My mother’s death occurred almost fifteen years before I learned about it. Her death was a news story. Murdered by a stalker while she lived in Miami. It occurred, of all days, on my ninth birthday, with me thankfully unaware. My mother was a stranger to me—both because of her absence and because of her illness. She was not allowed to see me or contact me when I was a child.
We had once lived together as a family, leaving me with only one real memory. We were living in Bermuda—my birthplace—where I shared a room with my older sister. The small room held only my crib and her bed. In my memory, I stood in the crib eager to be free.
“Do you want to get out?” my sister asked. I nodded with enthusiasm and raised my arms. She reached over and helped lift me over the crib’s siding
Our bare feet padded along as she led me by hand into the living room. It was late afternoon as the light slanted into the half-furnished room—this place had not yet become our home. Still, standing in the middle of the floor were my father and mother, arms wrapped around each other, dancing though no music played.
My sister and I watched this silent display of love before my sister led me in further. In imitation, we began to dance together ourselves. I looked up at my sister, so tall and protective, feeling awe in my heart. It didn’t take long for my mother to notice us.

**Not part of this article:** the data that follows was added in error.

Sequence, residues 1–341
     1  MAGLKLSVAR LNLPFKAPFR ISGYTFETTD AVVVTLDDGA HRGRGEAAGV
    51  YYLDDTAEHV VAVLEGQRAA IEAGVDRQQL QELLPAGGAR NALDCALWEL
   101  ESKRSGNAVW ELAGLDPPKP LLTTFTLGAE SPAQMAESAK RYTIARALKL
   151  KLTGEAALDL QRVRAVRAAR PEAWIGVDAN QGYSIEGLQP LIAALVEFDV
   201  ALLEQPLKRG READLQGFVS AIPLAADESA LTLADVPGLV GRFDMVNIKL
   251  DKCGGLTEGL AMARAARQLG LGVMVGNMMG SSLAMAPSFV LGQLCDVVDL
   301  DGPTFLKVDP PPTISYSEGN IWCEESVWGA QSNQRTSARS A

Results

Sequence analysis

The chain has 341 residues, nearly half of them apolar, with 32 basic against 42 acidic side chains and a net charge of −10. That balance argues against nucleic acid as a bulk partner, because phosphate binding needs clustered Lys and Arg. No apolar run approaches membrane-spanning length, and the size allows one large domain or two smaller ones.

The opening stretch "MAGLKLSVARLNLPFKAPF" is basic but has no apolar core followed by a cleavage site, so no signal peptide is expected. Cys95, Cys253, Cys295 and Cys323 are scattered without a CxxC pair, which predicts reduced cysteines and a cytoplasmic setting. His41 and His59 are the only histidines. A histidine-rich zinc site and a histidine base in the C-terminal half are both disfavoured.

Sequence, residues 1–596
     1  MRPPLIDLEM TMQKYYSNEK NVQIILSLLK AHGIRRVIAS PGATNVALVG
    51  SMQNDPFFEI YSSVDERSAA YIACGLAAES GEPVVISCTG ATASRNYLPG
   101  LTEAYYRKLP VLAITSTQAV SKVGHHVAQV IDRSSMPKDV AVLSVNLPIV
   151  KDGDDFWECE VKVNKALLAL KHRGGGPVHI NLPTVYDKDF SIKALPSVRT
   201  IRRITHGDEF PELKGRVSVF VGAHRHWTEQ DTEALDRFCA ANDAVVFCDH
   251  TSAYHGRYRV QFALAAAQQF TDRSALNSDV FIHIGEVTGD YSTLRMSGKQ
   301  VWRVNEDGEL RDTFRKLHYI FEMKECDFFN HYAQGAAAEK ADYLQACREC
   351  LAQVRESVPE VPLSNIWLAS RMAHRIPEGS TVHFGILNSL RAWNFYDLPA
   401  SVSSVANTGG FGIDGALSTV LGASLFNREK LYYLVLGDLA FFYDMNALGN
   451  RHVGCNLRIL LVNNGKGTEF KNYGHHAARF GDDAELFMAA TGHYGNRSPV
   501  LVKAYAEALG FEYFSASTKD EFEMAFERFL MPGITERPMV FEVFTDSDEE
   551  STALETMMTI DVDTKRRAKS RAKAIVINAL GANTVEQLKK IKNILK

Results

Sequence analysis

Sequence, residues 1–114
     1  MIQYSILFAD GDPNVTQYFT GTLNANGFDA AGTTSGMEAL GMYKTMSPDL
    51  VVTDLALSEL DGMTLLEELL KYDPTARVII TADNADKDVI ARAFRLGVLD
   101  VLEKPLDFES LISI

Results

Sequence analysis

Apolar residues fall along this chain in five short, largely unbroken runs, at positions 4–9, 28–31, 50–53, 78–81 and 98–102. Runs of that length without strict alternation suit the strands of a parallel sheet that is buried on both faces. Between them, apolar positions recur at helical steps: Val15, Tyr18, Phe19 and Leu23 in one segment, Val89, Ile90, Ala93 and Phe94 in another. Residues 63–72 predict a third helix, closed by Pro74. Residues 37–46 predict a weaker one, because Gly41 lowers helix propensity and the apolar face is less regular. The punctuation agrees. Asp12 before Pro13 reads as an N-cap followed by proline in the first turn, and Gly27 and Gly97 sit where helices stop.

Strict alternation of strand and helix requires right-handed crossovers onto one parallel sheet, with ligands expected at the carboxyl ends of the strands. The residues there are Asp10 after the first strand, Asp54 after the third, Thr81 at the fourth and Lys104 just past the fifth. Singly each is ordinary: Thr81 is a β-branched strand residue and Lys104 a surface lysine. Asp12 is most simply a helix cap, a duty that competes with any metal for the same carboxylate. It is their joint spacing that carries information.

“Look, Jerome! They are dancing like us!” my mother said. They both turned to look at us, smiles on all faces, the light creating a glow behind both of their curly-haired heads. It is my best memory of us as a family.
Not too long after this my mother’s father died, and she changed. Something broke in her and she needed someone to blame, so she blamed my father. She was a passionate and intelligent woman with a master’s degree from Georgetown University. The intensity that made her successful was also part of her disease—bipolar disorder.
The next few years were chaotic. She took us to live in Virginia until her disease morphed into paranoia, and she lived in fear of being found. This time of upheaval ended with her arrest and then institutionalization. My sister and I went into foster care and then to our grandparents before our father was able to come to us.
During that time of forced separation, my mother died, and we had no idea. We moved back to Bermuda when I was twelve, and my father was waiting for a court order to stop us from being taken out of the country. We didn’t know that she was no longer there to fight the custody battle.
Though we didn’t hear anything, I still hoped that one day I’d see her again. I dreamt a fuzzy, distant dream of what having a mother would be like. Because of this, her death was like a release of held breath—a tiny flame of hope extinguished.
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